Ibadatkhana was established by Akbar in 1575 AD in Fatehpur Sikri, which was a place of worship. Further, in 1578 AD, Akbar opened its doors to all religious people for the purpose of reconciliation with all religions. In this, Akbar used to discuss with scholars of various religions. Religious discussions were held every Thursday. In this, among the representatives of various religions, Abdullah Sultanpuri and Abdunavi represented orthodox Muslims and Sheikh Mubarak and his two sons represented liberal Muslims. In addition, Hinduism was represented by Purushottam and Devi Pandit, Dastur of Zoroastrian (Parsi) religion by Meherji Rana, Jainism by Heervijay Suri and Christianity by Rudolf Aquaviva, Antony Monserrat and Francis Enriquez. It is noteworthy that no Buddhist monk participated in these religious discussions.



Probable Question

Q.:     Consider the following statements in context of the Ibadatkhana established by Akbar-

          1.     It was a mosque for the use of the noble family in Agra.

          2.     There was a religious discussion by Akbar with scholars of various religions.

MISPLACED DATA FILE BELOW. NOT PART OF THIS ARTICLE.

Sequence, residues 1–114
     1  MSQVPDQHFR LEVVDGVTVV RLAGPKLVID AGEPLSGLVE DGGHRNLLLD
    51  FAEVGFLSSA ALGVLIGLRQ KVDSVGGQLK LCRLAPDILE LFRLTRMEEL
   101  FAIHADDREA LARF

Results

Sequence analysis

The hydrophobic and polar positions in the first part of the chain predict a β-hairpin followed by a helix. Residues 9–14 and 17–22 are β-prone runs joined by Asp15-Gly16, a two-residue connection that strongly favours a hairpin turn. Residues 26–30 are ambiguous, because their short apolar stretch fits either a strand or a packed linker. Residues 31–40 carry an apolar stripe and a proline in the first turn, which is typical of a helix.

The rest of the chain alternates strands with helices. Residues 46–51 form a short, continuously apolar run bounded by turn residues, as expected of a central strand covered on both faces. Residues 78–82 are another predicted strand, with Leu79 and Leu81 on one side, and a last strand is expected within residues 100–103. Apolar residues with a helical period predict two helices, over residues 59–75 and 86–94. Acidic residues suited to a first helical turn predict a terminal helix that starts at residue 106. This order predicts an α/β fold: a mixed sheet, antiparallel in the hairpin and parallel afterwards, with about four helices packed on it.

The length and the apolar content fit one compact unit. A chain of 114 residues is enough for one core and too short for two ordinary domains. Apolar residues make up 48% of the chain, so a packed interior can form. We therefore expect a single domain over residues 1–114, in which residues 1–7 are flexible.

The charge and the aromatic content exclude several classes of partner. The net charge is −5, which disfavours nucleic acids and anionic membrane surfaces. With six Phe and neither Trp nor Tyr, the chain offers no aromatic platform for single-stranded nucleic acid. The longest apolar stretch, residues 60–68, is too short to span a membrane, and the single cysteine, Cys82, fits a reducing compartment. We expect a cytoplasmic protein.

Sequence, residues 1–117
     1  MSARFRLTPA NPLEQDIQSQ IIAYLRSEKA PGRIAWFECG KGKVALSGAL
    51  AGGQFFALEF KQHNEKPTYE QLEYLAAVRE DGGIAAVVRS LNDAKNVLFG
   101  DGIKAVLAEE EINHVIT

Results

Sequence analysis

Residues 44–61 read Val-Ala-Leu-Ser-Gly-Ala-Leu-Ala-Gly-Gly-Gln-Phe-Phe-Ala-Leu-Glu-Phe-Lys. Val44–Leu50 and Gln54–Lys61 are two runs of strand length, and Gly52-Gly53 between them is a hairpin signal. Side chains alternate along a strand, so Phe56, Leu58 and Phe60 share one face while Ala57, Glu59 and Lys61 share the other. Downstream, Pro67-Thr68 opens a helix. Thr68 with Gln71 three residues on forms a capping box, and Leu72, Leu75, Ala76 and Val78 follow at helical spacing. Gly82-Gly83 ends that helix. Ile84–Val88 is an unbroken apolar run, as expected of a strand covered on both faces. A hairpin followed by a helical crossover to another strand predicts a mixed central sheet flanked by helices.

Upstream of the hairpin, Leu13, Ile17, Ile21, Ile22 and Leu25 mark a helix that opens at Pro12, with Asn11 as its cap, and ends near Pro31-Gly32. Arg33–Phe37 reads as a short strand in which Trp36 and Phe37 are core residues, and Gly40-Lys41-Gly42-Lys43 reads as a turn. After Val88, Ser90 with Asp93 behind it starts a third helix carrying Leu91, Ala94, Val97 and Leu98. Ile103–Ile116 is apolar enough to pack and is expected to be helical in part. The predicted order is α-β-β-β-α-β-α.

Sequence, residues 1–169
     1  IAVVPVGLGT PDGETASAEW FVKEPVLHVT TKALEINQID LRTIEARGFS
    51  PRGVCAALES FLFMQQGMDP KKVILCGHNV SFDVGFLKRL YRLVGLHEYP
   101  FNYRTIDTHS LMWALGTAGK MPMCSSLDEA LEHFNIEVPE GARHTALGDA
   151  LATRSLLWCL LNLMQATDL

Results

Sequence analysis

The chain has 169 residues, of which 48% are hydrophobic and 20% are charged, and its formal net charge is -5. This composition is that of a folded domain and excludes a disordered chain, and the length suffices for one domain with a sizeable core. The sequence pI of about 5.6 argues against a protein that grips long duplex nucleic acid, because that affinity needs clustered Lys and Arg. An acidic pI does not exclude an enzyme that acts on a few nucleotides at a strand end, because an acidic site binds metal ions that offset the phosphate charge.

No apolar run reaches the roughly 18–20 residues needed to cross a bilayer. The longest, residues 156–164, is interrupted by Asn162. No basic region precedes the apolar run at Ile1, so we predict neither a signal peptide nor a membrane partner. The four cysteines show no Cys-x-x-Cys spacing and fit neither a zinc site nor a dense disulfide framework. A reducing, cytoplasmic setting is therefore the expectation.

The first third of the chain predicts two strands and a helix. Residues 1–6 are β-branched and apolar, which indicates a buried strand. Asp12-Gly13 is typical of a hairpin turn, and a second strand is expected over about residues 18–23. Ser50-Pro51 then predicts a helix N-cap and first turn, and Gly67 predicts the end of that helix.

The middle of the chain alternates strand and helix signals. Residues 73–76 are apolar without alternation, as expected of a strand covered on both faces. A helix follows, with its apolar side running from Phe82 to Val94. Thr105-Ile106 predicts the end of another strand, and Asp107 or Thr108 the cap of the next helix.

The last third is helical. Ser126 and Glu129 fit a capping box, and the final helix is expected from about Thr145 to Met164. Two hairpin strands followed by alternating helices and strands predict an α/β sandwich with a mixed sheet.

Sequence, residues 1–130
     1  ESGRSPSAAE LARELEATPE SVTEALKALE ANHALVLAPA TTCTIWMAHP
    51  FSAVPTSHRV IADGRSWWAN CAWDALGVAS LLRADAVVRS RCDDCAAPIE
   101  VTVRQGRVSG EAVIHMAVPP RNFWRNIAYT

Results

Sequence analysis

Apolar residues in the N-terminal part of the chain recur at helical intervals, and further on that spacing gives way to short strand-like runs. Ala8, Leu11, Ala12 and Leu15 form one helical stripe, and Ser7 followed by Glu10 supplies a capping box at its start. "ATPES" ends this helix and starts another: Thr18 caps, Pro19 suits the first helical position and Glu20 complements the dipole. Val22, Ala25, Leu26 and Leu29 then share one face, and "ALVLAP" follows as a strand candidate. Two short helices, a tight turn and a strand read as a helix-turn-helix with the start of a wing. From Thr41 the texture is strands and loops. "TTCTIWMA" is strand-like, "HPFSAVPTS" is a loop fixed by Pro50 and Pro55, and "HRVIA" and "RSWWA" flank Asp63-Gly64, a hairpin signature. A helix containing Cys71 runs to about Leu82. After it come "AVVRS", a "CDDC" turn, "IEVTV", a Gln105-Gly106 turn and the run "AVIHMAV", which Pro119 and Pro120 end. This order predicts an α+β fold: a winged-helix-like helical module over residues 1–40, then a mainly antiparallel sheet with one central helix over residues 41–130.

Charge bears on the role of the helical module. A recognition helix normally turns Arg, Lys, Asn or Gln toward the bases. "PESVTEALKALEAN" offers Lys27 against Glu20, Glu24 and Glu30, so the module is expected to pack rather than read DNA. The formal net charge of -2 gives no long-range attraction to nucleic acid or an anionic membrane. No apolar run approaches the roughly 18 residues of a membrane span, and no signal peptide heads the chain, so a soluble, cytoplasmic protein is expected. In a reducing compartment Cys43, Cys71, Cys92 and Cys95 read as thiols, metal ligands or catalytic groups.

3.     It was not attended by any Buddhist monk.

          Which of the statements given above is / are not correct?

          (a) 2 and 3                      (b) 1 only

          (c) 1 and 2                      (d) 1, 2 and 3

Ans:- (b)



          In the Mughal period, the Mahazar was a proclamation signed by 7 prominent Ulemas. It was prepared by Akbar in 1579 AD. It was designed and drafted by Sheikh Mubarak. It said that in case of any variation of opinion in the Ulema, Akbar would be free to accept any one idea, and if dissatisfied with the views of the Ulema, he will be able to enact a new law. Also it would be compulsory for everyone to follow the law made by Akbar, consistent with the Quran and in the interest of the state. In this, Akbar was called Amir-ul-Momin and Iman-e-Adil. It was not signed by Faizi and Abul Fazal.


Probable Question

Q.:     What does 'Mahazar' refer to in Mughal history?

          (a) Laws made to stop child marriage

          (b) Land revenue tax